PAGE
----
Engine choice: The builder will have a decent-sized bay to install whatever they want (with limits). Everyone has access to different engines due to differing budgets and regional availability. Then there’s form factor. There are many transverse FWD drivetrains out there, all with similar layout; that’s the type that Midlana will accept. Of course there are other engines like the Subaru flat-four: low, light, with a “real” transaxle. The problem is that the transmission tail shaft sticks out quite far past the axle centerline. That’s of no consequence if the car’s designed for it, but it’s not. A transverse layout is shorter, front to back, which packages much nicer, and there’s the rub. There are far more transverse drivetrains out there than Subaru drivetrains, so I didn’t want to force builders to use only one engine brand. (Technically the engine bay could be made large enough to fit everything on earth, that it gets out of hand. This is the consequence of following a cookbook; you’re stuck with the designer’s vision).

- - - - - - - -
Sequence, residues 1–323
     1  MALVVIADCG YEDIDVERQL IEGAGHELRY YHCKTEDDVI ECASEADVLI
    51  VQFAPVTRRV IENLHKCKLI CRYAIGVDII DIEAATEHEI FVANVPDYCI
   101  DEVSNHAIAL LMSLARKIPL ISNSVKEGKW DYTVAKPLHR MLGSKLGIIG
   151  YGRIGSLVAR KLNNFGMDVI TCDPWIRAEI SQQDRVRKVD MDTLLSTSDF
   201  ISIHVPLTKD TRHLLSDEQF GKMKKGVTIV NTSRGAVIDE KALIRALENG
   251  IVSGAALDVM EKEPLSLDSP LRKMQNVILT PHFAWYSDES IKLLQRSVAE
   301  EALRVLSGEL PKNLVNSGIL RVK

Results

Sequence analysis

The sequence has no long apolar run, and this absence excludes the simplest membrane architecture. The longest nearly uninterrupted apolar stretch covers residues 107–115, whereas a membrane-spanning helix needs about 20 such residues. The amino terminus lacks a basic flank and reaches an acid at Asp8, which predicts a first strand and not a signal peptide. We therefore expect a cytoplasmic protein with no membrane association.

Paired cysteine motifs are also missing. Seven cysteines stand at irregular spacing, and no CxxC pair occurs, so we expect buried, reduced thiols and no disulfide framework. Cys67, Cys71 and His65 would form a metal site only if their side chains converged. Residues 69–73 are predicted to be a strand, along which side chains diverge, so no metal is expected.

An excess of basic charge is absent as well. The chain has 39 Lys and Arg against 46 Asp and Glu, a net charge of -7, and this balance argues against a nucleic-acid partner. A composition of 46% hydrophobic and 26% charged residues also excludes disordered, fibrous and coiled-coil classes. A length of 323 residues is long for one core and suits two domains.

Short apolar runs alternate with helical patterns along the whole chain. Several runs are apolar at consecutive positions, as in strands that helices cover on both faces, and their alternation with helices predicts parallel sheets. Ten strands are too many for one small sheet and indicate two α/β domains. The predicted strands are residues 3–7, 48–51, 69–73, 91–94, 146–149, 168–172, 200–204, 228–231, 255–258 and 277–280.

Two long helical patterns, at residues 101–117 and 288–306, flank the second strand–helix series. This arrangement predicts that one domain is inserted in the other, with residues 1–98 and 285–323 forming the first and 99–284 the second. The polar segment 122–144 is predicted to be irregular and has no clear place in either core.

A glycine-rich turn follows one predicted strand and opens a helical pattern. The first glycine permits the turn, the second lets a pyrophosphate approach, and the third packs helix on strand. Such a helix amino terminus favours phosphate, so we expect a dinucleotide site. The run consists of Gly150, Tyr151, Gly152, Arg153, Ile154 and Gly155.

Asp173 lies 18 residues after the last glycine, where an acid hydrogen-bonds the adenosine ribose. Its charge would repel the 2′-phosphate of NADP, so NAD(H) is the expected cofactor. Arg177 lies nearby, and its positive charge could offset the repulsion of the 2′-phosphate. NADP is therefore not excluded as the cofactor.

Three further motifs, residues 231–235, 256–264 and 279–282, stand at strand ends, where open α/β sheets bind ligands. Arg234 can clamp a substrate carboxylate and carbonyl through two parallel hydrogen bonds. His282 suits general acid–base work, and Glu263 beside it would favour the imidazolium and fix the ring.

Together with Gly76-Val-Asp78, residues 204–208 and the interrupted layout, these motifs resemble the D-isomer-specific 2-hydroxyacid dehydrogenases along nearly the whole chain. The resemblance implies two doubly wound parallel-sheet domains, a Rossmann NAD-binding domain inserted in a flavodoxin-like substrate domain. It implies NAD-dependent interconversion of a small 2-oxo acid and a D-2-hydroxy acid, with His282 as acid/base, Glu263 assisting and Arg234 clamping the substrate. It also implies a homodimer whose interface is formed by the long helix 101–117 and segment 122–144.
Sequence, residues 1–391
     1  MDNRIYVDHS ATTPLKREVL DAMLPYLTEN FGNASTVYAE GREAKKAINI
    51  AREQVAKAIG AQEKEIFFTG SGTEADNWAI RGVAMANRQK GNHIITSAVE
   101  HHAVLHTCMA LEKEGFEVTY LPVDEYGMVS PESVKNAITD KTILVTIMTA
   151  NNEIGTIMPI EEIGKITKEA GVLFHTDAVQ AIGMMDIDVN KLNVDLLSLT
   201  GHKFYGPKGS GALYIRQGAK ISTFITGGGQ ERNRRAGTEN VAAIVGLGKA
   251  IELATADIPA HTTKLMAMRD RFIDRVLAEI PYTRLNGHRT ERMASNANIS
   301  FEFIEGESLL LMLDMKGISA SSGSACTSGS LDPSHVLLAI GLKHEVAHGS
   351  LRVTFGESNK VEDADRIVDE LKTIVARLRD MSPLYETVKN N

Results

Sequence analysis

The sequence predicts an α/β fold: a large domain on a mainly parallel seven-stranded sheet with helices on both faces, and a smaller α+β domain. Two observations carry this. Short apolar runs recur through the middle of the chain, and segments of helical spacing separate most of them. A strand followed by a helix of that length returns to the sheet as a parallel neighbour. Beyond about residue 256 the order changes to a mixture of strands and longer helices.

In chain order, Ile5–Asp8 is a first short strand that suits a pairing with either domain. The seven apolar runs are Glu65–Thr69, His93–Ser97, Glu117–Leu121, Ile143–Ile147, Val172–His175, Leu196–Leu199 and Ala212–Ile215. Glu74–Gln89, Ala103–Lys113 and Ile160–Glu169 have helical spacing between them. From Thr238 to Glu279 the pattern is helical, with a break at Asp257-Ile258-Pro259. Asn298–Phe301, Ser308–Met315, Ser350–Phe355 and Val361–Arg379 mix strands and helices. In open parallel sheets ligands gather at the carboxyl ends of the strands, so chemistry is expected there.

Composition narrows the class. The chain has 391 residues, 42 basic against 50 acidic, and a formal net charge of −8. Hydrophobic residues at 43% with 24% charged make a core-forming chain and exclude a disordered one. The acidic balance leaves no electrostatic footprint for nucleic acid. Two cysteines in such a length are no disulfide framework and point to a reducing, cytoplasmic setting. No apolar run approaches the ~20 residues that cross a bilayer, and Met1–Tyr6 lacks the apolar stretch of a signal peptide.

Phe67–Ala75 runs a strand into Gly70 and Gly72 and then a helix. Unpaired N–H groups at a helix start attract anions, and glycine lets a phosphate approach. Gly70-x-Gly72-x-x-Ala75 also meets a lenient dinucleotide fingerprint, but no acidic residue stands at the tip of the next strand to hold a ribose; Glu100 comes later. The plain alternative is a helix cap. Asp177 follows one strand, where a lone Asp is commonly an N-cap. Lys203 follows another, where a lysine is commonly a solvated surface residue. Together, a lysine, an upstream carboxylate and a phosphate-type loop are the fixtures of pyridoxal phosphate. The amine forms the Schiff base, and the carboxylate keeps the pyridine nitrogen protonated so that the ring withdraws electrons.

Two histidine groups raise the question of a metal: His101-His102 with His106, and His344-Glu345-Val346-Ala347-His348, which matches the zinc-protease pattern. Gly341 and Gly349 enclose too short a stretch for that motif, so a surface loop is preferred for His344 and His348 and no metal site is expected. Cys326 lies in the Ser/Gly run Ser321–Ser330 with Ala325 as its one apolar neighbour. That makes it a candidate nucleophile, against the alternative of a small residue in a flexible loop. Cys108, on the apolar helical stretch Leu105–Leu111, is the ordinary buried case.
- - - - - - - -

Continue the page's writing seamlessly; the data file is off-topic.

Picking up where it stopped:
10 Jan 2008

I have a question for you: if you had a choice of building a car with two seats side-by-side, or two seats, one behind the other, which would you choose? In the first case, the car could be considered more “sociable”, in that you can easily talk to and see each other. This is important, but I’m not sure how much. I mean, how many people do you Really give rides to? Does your spouse Really love riding in the car, or is it more to be polite and put up with your crazy hobby.